As a composer today, you have to wear a lot of different hats. You usually have to practice a fairly wide set of skills, from composition, to orchestration, mixing, making realistic mockups, social media, networking, and so on. On top of this, you’re usually required to dive into a world of confusing technology, computers, and digital tools that you’ve never seen before. On top of this, the infinite ocean of new plugins and libraries makes it incredibly easy to do nothing else than playing around with toys. Mix some technical issues into the mix, those 10 trailer tracks you’d like to finish and submit to a library, and that short YouTube film score you managed to land – and you got yourself a challenging soup of things that might make you feel confused, exhausted and unproductive. In this article, I’m going to talk about some of my most important tips for being more productive and structured as a composer, enhancing your workflow, your results, energy and creativity. Hopefully these tips can help you get more done in less time, move forward at a steady pace, and make you feel like you’re actually getting somewhere.
Find your most productive time of the day
Not paying attention to when I was the most productive, was a mistake I made a lot in the beginning. I was trying to get hours of work in the studio, but I just couldn’t seem to get things done the way I wanted to, or as quick as I wanted to. It turned out that I was constantly trying to work during the times I thought I was supposed to (Like first thing in the morning) – regardless if that was my actual time of highest productivity. Later, when I started experiment with my work times, my productivity skyrocketed. I don’t currently have a set time I use to work with music, but what I have implemented into my routine is to listen to my body and mind, and find out when my prime time of the day is. This might depend on where I live too, but sometimes I find myself work extremely well late at night, while other times I am too tired and mentally exhausted by the end of a day to be able to work well enough, and rather prefer the morning. Experiment and find out when you’re in your zone, be it late at night, in the afternoon, or first thing in the morning. Then base your music work schedule around that.
Set specific goals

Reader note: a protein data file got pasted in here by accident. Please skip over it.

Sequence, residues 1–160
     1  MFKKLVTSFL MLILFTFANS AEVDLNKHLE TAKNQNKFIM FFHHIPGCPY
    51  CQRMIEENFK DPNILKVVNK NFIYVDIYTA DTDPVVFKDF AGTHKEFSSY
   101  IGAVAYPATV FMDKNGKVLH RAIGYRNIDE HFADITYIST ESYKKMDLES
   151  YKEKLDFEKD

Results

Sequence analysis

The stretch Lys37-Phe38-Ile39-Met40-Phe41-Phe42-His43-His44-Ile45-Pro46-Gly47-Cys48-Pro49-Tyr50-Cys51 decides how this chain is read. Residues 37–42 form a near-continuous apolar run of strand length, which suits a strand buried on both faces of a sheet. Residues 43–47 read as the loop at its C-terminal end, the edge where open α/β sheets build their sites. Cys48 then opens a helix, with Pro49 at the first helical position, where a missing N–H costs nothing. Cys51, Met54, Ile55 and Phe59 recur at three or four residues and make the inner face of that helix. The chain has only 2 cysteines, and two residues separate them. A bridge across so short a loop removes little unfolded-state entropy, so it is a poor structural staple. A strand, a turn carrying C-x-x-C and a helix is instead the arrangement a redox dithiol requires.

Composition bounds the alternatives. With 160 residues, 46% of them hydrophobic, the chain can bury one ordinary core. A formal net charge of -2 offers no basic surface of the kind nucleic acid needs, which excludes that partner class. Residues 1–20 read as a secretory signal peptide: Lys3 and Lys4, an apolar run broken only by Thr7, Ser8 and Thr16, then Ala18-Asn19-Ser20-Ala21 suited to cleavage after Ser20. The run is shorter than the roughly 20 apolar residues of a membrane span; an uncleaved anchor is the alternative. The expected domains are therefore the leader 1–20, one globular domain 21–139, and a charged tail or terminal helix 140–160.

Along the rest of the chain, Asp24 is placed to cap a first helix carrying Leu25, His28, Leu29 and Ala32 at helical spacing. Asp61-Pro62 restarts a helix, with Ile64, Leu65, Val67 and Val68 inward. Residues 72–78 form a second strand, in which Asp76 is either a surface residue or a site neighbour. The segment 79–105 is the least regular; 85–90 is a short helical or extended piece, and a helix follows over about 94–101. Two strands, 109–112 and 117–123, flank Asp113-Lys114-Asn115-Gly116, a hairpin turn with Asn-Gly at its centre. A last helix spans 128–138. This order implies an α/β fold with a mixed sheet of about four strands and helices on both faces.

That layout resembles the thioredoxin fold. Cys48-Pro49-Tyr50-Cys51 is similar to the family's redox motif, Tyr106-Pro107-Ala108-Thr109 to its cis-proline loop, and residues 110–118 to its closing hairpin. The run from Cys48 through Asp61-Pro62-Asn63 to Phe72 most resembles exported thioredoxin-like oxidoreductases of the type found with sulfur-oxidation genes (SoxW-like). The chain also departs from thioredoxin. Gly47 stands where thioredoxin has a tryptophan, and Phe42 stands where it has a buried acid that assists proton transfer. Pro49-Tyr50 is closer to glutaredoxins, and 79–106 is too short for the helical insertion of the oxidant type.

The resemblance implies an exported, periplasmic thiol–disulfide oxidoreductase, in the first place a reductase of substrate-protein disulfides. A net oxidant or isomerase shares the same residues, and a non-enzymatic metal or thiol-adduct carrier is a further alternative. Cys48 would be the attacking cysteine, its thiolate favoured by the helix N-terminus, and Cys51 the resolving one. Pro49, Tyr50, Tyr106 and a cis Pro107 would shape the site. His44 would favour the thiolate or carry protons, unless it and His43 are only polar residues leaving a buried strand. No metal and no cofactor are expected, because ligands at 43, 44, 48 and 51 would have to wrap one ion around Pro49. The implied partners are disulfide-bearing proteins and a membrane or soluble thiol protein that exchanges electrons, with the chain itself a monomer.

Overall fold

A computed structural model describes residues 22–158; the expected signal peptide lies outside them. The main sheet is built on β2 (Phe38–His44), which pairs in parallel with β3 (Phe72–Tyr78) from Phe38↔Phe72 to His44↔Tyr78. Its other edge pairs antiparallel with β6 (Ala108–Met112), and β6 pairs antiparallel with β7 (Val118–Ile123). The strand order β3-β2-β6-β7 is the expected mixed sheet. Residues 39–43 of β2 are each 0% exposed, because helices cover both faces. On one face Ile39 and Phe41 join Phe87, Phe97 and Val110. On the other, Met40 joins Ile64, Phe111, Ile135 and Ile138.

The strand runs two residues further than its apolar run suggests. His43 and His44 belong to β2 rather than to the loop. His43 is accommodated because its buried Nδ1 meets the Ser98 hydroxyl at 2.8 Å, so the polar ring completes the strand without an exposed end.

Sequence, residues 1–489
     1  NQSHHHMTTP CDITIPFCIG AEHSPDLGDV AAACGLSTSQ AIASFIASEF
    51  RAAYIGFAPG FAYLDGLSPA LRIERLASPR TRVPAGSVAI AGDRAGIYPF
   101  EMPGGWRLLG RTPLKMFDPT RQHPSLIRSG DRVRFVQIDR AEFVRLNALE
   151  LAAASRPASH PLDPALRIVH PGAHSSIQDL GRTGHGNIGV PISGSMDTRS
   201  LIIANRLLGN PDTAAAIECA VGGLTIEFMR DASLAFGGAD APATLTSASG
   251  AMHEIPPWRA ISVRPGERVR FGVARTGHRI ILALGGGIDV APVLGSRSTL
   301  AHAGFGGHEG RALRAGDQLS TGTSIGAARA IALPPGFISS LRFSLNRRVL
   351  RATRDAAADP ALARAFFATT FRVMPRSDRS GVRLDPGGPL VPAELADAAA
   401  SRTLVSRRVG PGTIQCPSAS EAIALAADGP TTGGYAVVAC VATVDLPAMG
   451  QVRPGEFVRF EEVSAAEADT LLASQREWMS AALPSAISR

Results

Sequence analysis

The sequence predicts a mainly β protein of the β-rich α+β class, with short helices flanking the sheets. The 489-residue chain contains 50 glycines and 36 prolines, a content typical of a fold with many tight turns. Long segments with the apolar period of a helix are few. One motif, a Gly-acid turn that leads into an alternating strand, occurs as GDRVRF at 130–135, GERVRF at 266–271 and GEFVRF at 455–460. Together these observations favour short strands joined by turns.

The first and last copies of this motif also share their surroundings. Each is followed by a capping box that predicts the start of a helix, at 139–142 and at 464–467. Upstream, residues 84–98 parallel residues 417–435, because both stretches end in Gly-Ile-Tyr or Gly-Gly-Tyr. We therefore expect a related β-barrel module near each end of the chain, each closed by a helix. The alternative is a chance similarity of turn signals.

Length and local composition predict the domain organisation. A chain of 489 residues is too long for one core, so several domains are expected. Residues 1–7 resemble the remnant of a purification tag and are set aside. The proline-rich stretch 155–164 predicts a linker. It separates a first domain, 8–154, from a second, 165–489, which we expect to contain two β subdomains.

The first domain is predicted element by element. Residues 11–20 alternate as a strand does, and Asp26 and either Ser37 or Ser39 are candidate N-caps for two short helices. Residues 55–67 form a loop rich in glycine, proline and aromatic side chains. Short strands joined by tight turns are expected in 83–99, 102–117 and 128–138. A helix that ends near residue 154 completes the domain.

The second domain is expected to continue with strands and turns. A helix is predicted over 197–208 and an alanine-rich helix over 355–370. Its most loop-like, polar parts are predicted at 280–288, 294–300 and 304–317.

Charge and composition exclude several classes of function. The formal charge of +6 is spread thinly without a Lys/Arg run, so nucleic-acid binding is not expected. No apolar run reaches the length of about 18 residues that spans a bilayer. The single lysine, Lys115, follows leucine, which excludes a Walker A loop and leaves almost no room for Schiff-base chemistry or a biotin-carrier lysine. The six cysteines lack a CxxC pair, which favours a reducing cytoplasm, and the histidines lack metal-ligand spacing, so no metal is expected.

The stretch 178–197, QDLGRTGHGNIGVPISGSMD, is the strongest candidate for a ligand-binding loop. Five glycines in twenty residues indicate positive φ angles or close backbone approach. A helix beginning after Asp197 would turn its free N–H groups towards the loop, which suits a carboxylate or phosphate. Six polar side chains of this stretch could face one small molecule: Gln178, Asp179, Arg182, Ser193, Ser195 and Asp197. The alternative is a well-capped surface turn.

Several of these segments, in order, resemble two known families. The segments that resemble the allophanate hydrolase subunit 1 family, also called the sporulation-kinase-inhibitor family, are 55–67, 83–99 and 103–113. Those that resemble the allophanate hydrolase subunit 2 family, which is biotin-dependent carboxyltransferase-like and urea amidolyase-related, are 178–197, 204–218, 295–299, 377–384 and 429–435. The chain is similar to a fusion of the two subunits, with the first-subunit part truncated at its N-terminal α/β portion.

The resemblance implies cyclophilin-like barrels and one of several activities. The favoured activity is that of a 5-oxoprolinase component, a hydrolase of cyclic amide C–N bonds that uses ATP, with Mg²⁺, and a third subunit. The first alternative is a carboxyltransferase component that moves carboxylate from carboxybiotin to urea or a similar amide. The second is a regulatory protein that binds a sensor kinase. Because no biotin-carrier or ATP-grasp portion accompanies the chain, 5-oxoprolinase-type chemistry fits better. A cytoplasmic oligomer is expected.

This is a big one for me. In the beginning, I felt I was not moving forward as fast as I wanted, and that I didn’t get the amount of work done that I had in mind. I later realized that this was because I didn’t set specific enough goals. Cause when you’re making music, there are a lot of ways to get lost, to sit and noodle around, and in any way be “busy” instead of “productive”. What helped me a lot though, was to write down specific goals for the week, and for the day. Things changed when I started using a technique I learned from Tim Ferriss, writing down 3 of the most crucial things to execute that day – and sticking to it. This could be “finish the intro of X”, or “export stems for track X, Y and Z”, and “finish and send first demo sketch for score X”. My productivity skyrocketed, simply because I wrote down the super specific steps towards my goal, and attacked them one by one, day after day. I might have limited the things I did during the day to 3 rather than 100, but I moved forward at a much higher pace. Try this out. Before you go to bed, write down 3 things that you want to accomplish the next day. Or even better, write down the ONE thing that you can do the following day, that will move your work and career a little step forward, and make all the things that you could do easier or unnecessary. Then focus on that 100% the next day, and complete this task. Is the task completed and you have several hours free? Then you got the perfect possibility to just noodle around, get lost, and experiment in the studio again (as this is a very important part of being a musician/composer too, in my opinion). But if you only do this without any clear goals and checkpoints, you might find yourself moving forward much more s